Blenheim Palace Literary Festival

Blenheim Palace, in Woodstock, about 10 miles from Oxford, is the ancestral home of the Churchill family. In 1704, John Churchill, a brilliant strategist, defeated the army of Louis XlV at a small town on the Danube, called, in German, Blindheim. In gratitude, Queen Anne built for him the palace known as Blenheim Palace in Woodstock and at the same time made him the first Duke of Marlborough. John Churchill was married to Sarah, an ambitious beauty who became a lady in waiting to Queen Anne and greatly influenced her.

In 1964, the writer Ian Rodger, to whom I was married, was commissioned by the BBC to write a radio play in celebration of the 90th birthday of Winston Churchill. He chose, as his subject, the story of Blenheim. He researched the diaries and papers of Sarah – no Google in those days – and returned home one day triumphant, having unearthed an entry in Sarah’s diary: “My lord returned from the war today and did pleasure me twice in his top boots.”

The Blenheim Palace Literary Festival was held this week (Sept 14th…) One of the speakers at the festival was biographer Anne Somerset whose book, Queen Anne: The Politics of Passion describes how the friendship between Queen Anne and Sarah Churchill came to an end, precipitated by Sarah’s claim that the friendship was destroyed by the Queen’s lesbian infatuation with another lady-in-waiting. A book worth reading if you are at all interested in that period.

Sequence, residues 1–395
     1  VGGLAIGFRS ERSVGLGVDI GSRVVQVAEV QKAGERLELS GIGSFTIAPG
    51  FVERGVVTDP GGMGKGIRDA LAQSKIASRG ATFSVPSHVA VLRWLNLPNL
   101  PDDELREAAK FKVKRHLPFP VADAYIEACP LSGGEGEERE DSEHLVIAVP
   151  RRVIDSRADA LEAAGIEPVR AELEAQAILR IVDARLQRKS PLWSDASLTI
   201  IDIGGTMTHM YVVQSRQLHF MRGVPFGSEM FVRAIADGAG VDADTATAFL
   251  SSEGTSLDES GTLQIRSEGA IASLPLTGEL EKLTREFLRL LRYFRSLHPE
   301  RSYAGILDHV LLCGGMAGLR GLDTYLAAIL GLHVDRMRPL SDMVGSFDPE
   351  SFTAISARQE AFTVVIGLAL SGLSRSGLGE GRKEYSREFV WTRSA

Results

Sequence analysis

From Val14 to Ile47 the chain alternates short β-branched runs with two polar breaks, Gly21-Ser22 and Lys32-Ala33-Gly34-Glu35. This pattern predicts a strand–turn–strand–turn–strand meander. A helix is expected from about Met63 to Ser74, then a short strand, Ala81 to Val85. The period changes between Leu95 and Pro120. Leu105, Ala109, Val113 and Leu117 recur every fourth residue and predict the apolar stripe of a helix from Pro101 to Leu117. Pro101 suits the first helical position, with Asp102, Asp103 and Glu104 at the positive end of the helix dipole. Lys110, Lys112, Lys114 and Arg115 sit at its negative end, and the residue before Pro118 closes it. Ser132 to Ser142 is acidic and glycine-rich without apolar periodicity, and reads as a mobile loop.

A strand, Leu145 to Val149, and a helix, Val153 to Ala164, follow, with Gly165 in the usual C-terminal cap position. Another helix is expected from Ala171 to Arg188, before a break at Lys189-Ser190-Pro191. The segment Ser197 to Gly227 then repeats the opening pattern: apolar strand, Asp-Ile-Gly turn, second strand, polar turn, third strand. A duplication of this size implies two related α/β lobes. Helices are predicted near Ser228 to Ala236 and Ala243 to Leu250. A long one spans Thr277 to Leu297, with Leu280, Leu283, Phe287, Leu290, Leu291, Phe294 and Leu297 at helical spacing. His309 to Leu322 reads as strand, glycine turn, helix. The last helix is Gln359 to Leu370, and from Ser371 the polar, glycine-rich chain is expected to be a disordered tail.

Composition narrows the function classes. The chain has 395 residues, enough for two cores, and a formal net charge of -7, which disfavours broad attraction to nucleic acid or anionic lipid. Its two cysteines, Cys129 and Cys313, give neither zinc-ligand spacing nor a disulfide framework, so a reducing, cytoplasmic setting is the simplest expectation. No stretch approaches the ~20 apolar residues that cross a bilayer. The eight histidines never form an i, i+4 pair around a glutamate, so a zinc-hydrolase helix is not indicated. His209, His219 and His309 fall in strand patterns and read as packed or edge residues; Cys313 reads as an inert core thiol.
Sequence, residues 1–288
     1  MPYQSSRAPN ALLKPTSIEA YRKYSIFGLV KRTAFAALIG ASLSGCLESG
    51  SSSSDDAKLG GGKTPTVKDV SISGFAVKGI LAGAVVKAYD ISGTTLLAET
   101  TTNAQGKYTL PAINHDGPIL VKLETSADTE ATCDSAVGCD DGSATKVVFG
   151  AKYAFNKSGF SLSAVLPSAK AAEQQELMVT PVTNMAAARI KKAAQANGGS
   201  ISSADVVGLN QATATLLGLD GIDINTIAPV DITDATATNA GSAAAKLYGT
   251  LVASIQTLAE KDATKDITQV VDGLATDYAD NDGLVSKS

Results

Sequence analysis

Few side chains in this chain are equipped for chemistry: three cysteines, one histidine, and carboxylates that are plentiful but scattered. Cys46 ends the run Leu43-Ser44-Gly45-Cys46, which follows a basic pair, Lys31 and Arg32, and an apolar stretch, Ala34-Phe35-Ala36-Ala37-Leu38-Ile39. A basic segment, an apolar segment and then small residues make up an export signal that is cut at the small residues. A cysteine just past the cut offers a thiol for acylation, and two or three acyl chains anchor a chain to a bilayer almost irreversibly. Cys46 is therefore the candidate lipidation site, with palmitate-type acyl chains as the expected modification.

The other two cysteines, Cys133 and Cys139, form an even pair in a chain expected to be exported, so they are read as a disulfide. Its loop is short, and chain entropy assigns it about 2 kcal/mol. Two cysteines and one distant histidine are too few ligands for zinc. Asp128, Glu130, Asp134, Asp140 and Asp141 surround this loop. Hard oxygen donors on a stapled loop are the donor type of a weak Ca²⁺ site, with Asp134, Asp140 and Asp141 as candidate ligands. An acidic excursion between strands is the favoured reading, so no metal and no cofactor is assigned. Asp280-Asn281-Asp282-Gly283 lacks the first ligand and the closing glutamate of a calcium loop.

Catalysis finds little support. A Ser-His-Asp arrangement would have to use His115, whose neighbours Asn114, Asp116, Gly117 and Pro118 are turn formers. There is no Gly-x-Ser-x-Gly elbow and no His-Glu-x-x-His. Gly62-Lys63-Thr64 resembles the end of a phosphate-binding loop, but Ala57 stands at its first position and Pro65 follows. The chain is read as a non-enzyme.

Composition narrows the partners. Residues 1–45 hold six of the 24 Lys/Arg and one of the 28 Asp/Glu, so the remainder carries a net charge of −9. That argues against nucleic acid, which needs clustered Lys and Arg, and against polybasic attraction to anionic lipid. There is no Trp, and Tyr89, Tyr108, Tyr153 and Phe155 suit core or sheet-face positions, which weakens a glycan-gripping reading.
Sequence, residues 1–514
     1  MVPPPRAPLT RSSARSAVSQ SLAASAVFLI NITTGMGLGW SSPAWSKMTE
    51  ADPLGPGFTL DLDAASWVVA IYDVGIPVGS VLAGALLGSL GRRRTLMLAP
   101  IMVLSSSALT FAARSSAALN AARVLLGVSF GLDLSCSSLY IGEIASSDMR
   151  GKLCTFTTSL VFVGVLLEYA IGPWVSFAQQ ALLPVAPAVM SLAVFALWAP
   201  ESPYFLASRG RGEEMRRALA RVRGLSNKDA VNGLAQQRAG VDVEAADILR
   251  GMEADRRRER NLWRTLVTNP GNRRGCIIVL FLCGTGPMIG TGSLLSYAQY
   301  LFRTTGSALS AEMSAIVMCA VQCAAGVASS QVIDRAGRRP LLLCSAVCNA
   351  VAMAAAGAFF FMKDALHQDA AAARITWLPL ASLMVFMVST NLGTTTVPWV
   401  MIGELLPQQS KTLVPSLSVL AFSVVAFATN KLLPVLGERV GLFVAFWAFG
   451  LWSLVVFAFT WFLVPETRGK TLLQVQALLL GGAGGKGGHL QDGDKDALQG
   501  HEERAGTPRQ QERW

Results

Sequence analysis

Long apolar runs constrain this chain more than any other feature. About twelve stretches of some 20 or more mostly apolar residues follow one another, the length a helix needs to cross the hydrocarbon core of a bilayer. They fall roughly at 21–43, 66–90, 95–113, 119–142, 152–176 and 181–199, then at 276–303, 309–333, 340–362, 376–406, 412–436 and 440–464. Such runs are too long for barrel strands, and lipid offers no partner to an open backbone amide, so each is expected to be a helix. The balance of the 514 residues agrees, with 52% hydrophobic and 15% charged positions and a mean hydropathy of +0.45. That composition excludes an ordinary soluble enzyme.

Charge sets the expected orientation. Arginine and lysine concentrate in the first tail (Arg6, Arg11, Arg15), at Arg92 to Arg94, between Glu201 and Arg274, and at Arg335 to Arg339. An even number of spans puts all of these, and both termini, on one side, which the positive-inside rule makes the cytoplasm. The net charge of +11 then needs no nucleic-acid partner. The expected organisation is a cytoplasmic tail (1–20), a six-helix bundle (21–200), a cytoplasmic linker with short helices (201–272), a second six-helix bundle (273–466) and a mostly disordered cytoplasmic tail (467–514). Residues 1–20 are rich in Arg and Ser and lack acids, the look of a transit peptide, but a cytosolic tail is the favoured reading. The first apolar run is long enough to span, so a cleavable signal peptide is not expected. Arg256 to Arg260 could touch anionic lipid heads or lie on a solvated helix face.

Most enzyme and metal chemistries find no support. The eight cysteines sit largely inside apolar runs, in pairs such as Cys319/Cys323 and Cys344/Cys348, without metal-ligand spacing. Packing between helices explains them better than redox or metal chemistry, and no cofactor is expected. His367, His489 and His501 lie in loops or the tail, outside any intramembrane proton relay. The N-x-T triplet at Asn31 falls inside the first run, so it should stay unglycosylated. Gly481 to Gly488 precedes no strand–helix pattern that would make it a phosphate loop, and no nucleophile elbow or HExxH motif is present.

I came to Woodstock for the discussion on Syria and before it started, spent a while having a wander round.The notice on the Bear Hotel (where Liz Taylor and Richard Burton stayed when visiting Oxford) filled me in on some more history: around 1100, Woodstock was a favourite place for Henry ll, father of Richard the Lionheart, and it was here that he had meetings with his lover, the fair Rosamunde while still married to the tempestuous Eleanor of Aquitaine ( Katherine Hepburn in The Lion in Winter.)

 

 

The Syria session was lively with Eugene Rogan, head of the Middle East Centre at St Anthony’s College, Oxford and author of the wide-ranging The Arabs: A History, Lindsey Hilsum Channel 4 editor of international news and author of Sandstorm: Libya in the Time of Revolution, David Aaronovitch writer and commentator, the whole event chaired by Munir Majid, author of 9/11 and the Attack on  Muslims.

My own book, My Home is Your Home A Journey Round Syria, with an introduction by Eugene Rogan, is about a very complex country and its even more complex peoples. Here’s a link to it:

http://wp.me//p1Frlu-2K

If you want to know what it’s like to visit an Arab family, hitch a life with some Kurds, ride a bike around Damascus, stay in a one-star hotel, listen to a desert poet, ride a camel, overnight with some desert nomads,fight off a sex-hungry host, spend Christmas 3000 feet up a mountain…. This is the one.

Order from me directly (info@bullstakepress.co.uk) and your signed copy will be posted the same day.